• Note: In 2013-2014, units received funding for a maximum of 280 hours for course TAs (over and above the LWTA’s hours).
      4. Statements from the following key participants affirming their interest and commitment:
        • Head of the academic unit (department chair/EDU-A director/college principal);
        • Designated departmental WIT contact (UG coordinator/program director/other);
        • Each course instructor assigned to teach a designated WIT course.
          • NOTE: WIT participants should read the WIT project description to ensure they understand the initiative’s goals and expectations before applying for funds.
        • If you have questions any about the application procedure please contact WIT Coordinator, Andrea Williams.
    • What are statements of writing goals?
      • These statements articulate the kind of writing skills units expect their student to develop in the course of their degree from first through fourth year. The more specific these statements are, the more useful they are. Statements of writing goals should ideally be developed through department-wide consultation or at least by the unit’s curriculum committee. Instructors should use these statements to help them develop courses and writing assignments.
    • How are units chosen?
      • Successful applications will identify which courses will receive support, outline the types of initiatives planned, and show how funds will be used by the TAs in those courses. The following key criteria be considered by the committee reviewing the applications:
      • How many students in the unit will benefit from the initiative? Has the unit defined clear goals for writing in the unit, or is at least actively engaged in developing these goals?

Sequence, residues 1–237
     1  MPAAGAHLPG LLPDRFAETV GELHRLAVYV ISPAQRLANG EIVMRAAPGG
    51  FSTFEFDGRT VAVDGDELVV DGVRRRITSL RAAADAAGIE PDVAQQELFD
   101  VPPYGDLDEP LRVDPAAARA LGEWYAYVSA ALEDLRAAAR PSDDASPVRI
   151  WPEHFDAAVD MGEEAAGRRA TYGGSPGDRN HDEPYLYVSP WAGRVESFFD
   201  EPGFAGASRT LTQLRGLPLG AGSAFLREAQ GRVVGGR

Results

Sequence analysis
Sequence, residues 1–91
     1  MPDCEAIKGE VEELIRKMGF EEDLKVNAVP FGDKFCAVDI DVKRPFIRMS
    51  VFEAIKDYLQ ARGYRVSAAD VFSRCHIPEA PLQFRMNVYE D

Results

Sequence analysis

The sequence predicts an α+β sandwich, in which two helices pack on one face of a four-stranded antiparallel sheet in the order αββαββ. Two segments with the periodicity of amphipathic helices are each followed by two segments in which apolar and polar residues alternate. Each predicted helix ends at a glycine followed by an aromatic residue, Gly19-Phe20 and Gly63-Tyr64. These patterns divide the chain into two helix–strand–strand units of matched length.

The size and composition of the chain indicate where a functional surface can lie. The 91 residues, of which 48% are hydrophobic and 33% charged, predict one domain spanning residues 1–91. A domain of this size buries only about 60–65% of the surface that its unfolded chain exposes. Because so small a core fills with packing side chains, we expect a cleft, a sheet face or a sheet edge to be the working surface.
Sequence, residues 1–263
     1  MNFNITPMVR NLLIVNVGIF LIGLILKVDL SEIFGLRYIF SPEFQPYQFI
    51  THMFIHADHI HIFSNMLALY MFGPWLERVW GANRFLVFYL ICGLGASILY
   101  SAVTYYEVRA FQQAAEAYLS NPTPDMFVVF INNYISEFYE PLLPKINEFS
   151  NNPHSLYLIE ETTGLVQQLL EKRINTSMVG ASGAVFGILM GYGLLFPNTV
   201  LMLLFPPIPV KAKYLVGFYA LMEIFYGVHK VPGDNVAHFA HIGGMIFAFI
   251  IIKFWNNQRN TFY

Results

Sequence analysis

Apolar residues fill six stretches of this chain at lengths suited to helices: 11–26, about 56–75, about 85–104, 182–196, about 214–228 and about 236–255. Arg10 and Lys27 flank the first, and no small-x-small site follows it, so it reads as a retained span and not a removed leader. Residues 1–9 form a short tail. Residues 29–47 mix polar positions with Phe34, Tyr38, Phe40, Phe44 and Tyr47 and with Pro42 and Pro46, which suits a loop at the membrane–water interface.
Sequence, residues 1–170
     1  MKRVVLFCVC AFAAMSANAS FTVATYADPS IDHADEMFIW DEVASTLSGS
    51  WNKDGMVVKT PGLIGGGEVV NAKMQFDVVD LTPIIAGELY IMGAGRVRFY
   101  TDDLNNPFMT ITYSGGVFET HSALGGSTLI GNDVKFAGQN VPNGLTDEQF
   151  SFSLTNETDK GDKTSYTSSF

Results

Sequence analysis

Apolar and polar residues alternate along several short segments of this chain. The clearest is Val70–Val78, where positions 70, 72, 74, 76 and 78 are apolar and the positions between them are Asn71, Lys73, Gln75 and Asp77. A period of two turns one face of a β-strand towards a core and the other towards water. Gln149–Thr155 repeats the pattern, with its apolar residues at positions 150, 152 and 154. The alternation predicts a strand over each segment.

• Do the course plans relate clearly to the departmental goals? Do they show sensitivity to student needs? Do they include opportunities for sufficient instruction on writing to enable student success?
      • Are the course instructors committed to working closely with the WIT Coordinator and LWTA to develop writing assignments and activities in their course?
      • Are the plans practical and feasible? Specifically, do course TAs have enough hours for training and implementing the proposed WIT activities? Are enough hours allocated to course TAs for regular activities outside of involvement with WIT?
    • What is the time commitment required of WIT instructor?
      • Instructors of WIT courses are expected to work with the WIT Coordinator and Lead Writing TA on assignment and instructional design (e.g., planning writing activities for labs or tutorials). Instructors should expect to meet with the WIT Coordinator at least once before the start of term to plan the above, meet again during the term to ensure WIT is being effectively implemented, and participate in an end of term debrief meeting.
    • What are the benefits of WIT for course instructors?
      • Many course instructors report that WIT has helped improve their students writing. WIT does this by giving TAs training and additional hours so they can give students better feedback on their writing, feedback which students can use to improve their written work. Other ways WIT benefits instructors is by easing the instructor workload of managing TAs. Because TAs in WIT courses get more training and support for responding to and evaluating student writing, course instructors tend to get fewer requests for regarding work and related complaints. In classes with tutorials and labs, WIT helps TAs make better use of the class time by integrating writing-to-learn activities where students do low-stakes writing activities such as one-minute papers to help them learn course content.
    • I’m a course TA and am interested in becoming an LWTA. How do I apply?
      • LWTAs are hired by WIT units and are normally advanced PhD students from the unit. LWTA jobs are usually posted in the spring and units hire their LWTA before the WIT training in early June.
    • Where can I learn more about WIT?